The amount of outstanding debt hit $16.9 trillion at the end of 2022, with the amount of unpaid credit card debt surpassing levels set before the start of the COVID-19 pandemic, and while the volume of consumers who had debts placed with third-party collection agencies reached a new low and the average collection amount ticked downward, the number of consumers behind on their auto loan and credit card payments continued to grow.
The $16.9 trillion of outstanding debt is nearly $3 trillion higher than at the end of 2019, which was before the COVID-19 pandemic hit the United States.
Delinquency rates are rising past their pre-pandemic levels, too. And what is puzzling to researchers and economists is that the economy is fairly strong. The number of unemployed individuals is at a 50-year low and federal student loans are still in forbearance. Once that ends, the number of individuals unable to pay their credit cards and auto loans is going to get a lot worse, experts fear.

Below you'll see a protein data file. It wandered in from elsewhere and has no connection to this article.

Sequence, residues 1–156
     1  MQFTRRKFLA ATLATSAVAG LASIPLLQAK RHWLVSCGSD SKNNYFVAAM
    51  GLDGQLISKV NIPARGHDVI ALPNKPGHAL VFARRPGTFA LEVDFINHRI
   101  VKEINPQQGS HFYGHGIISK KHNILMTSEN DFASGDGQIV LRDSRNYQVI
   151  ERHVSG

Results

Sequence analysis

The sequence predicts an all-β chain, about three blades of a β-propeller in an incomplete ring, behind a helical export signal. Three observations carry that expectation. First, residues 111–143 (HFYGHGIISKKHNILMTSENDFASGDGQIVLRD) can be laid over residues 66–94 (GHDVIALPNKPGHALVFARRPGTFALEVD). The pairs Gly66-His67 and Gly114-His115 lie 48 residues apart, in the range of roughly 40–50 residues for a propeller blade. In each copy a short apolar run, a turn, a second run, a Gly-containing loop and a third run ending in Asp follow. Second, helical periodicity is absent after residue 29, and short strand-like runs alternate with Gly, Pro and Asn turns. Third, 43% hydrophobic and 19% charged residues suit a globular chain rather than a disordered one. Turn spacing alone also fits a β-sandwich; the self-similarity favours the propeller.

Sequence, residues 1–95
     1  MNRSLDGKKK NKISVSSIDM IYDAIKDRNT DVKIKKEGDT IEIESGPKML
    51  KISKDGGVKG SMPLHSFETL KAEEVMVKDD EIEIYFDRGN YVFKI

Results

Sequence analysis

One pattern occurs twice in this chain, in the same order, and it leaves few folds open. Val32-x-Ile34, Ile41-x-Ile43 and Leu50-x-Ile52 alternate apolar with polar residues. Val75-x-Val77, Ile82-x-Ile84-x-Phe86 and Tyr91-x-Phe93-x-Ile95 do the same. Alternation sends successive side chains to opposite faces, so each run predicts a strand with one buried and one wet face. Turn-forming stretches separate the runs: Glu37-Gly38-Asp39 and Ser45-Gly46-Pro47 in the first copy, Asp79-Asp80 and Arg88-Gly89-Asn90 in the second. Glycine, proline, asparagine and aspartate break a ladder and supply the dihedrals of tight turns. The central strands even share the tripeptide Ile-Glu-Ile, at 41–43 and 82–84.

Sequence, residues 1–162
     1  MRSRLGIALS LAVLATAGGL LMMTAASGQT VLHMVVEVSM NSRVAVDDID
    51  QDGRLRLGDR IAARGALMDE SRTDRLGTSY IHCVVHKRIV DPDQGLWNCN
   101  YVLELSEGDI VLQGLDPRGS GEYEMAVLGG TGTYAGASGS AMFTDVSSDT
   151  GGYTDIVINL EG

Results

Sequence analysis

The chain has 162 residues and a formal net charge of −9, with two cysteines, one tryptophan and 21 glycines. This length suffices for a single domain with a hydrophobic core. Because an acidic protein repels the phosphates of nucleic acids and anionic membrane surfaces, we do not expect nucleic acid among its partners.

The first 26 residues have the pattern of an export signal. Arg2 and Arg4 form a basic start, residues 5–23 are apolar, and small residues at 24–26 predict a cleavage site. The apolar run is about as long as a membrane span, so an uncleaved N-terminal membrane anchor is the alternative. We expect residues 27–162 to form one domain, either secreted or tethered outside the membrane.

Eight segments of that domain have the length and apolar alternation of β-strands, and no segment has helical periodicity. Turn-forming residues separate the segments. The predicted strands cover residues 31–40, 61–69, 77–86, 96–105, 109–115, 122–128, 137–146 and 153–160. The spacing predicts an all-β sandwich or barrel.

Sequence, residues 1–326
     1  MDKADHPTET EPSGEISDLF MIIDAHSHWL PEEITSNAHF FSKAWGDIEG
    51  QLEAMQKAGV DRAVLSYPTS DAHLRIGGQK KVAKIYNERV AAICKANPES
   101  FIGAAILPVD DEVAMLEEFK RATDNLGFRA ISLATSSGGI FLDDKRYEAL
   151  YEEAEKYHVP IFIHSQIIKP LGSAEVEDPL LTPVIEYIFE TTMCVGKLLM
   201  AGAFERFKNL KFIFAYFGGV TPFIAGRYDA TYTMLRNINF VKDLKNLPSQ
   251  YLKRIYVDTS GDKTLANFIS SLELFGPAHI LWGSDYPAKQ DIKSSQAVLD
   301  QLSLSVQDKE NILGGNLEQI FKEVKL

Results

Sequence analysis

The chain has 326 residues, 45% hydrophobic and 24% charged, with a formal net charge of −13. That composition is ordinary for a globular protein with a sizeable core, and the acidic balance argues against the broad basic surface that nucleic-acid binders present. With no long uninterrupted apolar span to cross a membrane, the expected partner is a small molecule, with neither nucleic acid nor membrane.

Inflation is still being cited as a potential culprit tightening the wallets of individuals. Everything costs a lot more than it did a few years ago and it’s possible that those higher prices are making it harder for people to make ends meet, according to researchers at the Federal Reserve Bank of New York.
One area of concern illustrated by the data is the number of young people who are falling behind on their debt payments. More consumers in their 20s and 30s are behind on their credit card and auto loan payments — surpassing pre-pandemic levels — and accelerating faster than individuals who are older.